Worried About Someone Else?
Ciara McGuinness, UCD
“It can be a huge relief for the other person to know you are aware of the struggle they are having, you are willing to listen with an open mind, and that you are there to help if they need it.”
You don’t have to be an expert to talk about mental health you just need to show someone you care and are there to help them through the difficult time.
When a someone you care about is going through a difficult time, it can be worrying for everyone involved. You can be there for them by listening to them, not judging them and helping them access professional support if they need it.
Ask, listen and offer your support
If you think that someone you know might be having problems, try talking directly to them about your concerns. Ask how they are and what can you do to help them? People often want to talk but may find it hard to start the conversation.
Not everyone is comfortable or ready to talk face to face, so try texting them instead. Meet them where you know they feel comfortable and safe space to talk.
You are not expected to have all the answers or be able to solve anyone else’s problems. Sometimes the most helpful thing you can do is list someone know you are there for them and simply listen and reassure them that they will be ok.
You can help by:
- Asking open questions about how they are feeling.
- Talking gently about your concerns and the things you have noticed.
- Giving them time and space to tell you about what they are going through. Don’t feel the need to fill the silence or interrupt them, just let them open up and talk at their own pace.
- Listening carefully to their responses, without being judgmental or offering solutions.
After you hear them out, make your decision about how serious you think the problem is and whether you need to encourage him or her to get professional support.
For many people, just asking – and listening – will help. It can be a huge relief for the other person to know you are aware of the struggle they are having, you are willing to listen with an open mind, and that you are there to help if they need it.
They may feel such relief that you noticed and have taken the time to ask them about it, that the problem will simply resolve itself by talking it out with you.
It can be difficult if you feel that someone you care about is going through a difficult time but won’t reach out for help. This can be very frustrating for you but it’s important that you remember that there are limits to the help that you can offer. Remember that there is only so much you can do, and try not to beat yourself up about it.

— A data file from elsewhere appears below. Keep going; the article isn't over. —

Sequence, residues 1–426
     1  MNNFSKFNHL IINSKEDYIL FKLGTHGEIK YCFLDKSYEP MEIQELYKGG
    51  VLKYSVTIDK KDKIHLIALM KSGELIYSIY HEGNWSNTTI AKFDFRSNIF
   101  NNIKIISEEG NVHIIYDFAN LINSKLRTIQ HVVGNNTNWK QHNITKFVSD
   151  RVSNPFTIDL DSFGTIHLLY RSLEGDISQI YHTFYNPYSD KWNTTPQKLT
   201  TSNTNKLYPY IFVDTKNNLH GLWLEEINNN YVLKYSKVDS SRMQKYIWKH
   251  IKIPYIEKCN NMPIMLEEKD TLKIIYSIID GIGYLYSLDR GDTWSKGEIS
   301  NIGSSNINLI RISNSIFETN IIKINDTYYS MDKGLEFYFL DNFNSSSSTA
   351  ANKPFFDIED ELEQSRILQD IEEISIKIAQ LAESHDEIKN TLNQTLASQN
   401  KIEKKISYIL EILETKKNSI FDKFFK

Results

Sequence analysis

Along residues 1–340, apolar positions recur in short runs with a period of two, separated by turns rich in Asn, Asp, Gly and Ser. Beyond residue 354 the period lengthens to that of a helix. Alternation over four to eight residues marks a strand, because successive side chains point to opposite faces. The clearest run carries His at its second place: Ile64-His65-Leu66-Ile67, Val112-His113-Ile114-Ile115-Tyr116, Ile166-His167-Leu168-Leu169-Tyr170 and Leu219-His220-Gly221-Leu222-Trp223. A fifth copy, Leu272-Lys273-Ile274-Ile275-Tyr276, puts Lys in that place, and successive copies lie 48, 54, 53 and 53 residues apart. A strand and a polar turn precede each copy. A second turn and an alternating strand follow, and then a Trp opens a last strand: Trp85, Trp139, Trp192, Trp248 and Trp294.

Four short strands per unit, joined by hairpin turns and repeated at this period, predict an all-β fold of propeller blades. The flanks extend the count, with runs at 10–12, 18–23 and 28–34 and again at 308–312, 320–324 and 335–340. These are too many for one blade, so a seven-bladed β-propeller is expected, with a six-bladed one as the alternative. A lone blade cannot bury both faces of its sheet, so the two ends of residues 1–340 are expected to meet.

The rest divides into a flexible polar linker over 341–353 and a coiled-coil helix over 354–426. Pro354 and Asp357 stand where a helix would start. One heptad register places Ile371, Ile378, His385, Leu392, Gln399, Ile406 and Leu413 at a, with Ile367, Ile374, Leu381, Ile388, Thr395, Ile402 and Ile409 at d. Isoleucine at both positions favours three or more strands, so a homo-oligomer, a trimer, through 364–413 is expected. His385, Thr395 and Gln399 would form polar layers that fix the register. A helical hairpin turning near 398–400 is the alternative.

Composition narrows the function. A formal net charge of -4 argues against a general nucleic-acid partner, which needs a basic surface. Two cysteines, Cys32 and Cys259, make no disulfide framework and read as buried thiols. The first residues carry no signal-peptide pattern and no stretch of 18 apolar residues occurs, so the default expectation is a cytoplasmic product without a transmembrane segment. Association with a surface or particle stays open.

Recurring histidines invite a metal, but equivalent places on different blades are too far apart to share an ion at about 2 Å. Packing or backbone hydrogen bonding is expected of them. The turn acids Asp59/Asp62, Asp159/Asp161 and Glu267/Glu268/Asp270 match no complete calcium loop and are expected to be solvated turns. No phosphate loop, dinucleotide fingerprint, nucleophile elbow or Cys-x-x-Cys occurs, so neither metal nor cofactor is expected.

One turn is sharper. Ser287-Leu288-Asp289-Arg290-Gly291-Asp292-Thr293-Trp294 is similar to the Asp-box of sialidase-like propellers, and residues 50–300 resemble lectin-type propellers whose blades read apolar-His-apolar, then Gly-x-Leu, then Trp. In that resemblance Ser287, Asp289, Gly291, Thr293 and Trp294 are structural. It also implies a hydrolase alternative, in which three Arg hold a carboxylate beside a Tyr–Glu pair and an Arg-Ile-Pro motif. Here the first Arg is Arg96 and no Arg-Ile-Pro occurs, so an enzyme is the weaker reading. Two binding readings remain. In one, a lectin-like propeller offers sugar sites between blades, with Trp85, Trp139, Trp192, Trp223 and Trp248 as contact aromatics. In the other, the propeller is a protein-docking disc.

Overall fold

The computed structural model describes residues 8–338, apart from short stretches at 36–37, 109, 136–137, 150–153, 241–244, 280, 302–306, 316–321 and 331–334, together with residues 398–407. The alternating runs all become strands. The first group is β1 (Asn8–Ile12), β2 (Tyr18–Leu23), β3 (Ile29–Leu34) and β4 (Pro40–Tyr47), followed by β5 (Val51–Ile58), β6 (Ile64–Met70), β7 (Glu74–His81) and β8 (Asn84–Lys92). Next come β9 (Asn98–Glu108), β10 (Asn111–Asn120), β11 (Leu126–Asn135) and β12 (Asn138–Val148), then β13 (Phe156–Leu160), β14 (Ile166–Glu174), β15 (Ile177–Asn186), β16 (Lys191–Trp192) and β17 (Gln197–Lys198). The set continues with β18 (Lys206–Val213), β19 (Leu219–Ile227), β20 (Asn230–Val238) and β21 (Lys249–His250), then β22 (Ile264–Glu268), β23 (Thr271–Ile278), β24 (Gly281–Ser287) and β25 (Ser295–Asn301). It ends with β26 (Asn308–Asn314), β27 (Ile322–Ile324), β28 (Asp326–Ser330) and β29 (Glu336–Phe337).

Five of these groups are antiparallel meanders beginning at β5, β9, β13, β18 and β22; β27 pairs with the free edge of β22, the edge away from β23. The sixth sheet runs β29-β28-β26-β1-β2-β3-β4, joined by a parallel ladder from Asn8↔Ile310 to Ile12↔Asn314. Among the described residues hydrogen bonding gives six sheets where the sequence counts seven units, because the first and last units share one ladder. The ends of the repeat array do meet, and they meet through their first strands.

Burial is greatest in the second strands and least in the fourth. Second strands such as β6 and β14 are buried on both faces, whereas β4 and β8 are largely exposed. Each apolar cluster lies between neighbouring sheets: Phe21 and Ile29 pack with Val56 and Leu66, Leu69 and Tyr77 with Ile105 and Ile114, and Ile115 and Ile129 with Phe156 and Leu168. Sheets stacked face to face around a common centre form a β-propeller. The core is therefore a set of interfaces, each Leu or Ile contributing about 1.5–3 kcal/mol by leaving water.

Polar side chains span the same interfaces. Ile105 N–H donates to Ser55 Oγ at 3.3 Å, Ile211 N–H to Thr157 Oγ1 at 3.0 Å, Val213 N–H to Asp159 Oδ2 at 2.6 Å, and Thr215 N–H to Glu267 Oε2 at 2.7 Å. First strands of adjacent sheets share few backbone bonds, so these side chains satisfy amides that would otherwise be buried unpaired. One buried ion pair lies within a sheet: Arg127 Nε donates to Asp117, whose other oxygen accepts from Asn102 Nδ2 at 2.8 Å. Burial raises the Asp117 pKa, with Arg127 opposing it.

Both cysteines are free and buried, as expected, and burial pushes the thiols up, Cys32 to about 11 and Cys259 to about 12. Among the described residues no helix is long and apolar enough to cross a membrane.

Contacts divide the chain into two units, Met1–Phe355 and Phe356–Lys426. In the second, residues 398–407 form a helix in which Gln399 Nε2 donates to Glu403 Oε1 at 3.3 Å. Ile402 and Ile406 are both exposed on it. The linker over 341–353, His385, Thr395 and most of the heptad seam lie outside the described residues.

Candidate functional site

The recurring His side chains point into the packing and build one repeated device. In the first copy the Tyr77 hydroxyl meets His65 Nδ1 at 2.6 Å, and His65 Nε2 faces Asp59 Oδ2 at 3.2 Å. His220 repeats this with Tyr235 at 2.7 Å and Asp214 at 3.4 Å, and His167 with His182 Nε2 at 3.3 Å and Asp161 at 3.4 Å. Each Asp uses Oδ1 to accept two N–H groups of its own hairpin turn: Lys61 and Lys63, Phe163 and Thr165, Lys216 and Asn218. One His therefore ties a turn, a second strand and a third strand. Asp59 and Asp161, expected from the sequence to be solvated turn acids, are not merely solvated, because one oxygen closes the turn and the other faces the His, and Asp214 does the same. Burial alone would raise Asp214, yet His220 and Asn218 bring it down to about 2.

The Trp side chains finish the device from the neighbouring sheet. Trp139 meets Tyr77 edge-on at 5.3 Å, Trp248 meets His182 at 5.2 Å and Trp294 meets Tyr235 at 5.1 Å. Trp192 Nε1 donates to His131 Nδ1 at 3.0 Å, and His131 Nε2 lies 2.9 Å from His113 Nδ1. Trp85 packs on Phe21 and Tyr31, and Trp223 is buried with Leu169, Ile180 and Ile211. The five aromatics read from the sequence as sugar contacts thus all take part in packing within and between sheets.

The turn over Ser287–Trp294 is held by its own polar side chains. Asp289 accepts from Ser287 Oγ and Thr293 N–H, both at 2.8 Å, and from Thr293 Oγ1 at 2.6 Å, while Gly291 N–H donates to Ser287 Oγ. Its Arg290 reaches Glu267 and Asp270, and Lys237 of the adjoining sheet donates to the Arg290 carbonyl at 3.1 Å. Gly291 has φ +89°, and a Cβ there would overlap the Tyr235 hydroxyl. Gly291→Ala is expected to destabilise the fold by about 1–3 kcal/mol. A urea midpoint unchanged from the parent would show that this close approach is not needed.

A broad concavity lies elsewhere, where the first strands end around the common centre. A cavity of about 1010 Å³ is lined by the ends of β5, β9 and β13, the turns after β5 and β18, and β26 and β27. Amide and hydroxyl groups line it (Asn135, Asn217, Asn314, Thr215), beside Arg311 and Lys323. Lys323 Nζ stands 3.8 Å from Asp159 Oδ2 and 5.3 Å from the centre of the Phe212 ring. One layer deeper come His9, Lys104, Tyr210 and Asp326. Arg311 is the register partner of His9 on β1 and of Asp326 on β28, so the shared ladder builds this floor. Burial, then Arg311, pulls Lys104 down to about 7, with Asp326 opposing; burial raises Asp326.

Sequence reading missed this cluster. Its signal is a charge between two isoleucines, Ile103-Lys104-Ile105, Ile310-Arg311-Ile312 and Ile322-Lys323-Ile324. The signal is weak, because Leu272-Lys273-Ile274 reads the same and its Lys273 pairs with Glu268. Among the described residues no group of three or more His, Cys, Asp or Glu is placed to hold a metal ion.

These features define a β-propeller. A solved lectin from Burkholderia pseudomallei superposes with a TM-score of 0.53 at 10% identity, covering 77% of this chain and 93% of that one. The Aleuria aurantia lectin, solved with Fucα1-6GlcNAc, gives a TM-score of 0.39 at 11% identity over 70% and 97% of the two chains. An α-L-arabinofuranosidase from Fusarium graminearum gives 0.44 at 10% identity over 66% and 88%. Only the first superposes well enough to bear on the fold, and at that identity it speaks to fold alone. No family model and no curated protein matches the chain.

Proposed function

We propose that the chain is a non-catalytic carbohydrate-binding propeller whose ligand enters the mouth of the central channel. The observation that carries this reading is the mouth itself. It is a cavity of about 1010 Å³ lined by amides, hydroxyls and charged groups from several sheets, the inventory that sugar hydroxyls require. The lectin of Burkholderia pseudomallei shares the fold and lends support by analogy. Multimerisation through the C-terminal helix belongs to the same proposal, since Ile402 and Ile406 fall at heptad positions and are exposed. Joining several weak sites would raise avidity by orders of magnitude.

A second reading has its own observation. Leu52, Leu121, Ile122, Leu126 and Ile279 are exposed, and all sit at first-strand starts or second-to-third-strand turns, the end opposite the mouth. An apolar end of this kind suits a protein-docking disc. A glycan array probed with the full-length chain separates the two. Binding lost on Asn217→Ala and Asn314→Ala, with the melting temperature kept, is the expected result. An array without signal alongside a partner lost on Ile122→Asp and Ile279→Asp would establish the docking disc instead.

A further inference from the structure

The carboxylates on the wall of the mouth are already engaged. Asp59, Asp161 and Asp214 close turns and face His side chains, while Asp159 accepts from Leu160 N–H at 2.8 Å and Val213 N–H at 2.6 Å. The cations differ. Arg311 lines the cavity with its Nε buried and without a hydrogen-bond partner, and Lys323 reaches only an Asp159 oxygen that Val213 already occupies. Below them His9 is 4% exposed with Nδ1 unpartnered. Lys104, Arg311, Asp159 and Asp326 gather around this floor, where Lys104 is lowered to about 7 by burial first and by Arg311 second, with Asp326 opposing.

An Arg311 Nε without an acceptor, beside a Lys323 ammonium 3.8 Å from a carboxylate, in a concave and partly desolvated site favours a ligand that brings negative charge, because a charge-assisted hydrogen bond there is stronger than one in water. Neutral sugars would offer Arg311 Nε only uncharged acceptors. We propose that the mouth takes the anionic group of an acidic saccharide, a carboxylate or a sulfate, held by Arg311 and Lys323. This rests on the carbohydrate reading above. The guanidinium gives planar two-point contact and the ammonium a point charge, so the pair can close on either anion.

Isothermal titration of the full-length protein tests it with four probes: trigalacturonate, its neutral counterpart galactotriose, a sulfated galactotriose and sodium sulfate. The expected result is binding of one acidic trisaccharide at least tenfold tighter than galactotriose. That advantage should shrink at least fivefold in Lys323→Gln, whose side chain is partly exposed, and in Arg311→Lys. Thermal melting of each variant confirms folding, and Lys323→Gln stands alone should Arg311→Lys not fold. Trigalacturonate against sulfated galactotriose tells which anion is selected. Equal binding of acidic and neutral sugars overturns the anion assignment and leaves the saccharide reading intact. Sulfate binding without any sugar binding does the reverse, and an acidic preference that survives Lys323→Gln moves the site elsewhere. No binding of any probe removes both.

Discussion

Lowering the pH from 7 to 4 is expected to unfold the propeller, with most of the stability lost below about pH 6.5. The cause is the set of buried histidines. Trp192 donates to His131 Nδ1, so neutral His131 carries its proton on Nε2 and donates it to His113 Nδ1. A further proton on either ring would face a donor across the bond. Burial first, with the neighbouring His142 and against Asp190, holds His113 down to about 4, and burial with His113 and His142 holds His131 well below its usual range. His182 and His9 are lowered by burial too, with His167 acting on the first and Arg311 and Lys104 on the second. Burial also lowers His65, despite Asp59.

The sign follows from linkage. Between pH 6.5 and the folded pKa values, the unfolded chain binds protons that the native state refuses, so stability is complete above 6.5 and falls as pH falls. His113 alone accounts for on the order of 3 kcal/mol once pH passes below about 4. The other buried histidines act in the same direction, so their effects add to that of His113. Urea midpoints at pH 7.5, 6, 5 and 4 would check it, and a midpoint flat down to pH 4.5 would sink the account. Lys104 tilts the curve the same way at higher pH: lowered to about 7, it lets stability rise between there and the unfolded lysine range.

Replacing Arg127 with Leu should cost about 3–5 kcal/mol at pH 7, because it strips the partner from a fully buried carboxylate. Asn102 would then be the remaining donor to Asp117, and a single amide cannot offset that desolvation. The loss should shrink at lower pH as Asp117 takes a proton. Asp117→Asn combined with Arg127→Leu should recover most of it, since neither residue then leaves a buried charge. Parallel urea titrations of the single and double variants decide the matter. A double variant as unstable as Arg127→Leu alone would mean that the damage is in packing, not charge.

Be patient: it may take a while for them to open up and feel comfortable talking with you. Tell them that you are there for them when they are ready to seek help.
Remind them that talking is a sign of strength, not a weakness. The sooner you seek help the sooner the issue can be addressed.
However, if you are still worried about them seek professional help.
When someone tells you, they are having problems and you think they need professional support:
- Suggest that they get it touch with on-campus support services or their GP.
- Yourmentalhealth.iehas a county by county support service listing so that they can find the most suitable service off-campus
- Samaritans are also there to listen and offer round the clock support on 116 123
- Ask if they’d find it helpful for you to accompany them to their appointment always taking your lead from them on what they would find most helpful.
Ask who else can help?
Encourage your friend to think of other people: family, friends, college staff or previously accessed services who may be able to help so that you both don’t have to deal with this alone.
It is usually better that the person goes for help themselves. This can be difficult to accept when you are worried about someone. But it is important for them to acknowledge that help is necessary, and going voluntarily for help, is an important part of the process of recovery.
If you feel your friend is suicidal or you are worried about, do not keep it to yourself. Talk to someone like a family member, lecturer or someone you trust who can help. You may have to break your friend’s trust on this but your friend needs help. They may not appreciate it at the moment and maybe angry but as time goes on they know that you have their best interest at heart.
If it is an emergency and you believe the person is a danger to themselves or others, you have to take action.
Sometimes a person will not consider getting help, but are a real danger to themselves or others. If they are having thoughts of harming themselves: remove access to any means of suicide or self-harm – such as medicines, a rope, blades etc.
In this instance, you must seek medical help immediately. Do not leave them on their own. Bring your friend to your nearest A&E department and ask for help. If they will not go with you call 999 or 112 and explain the situation. Stay with them throughout and reassure them you are there to support them.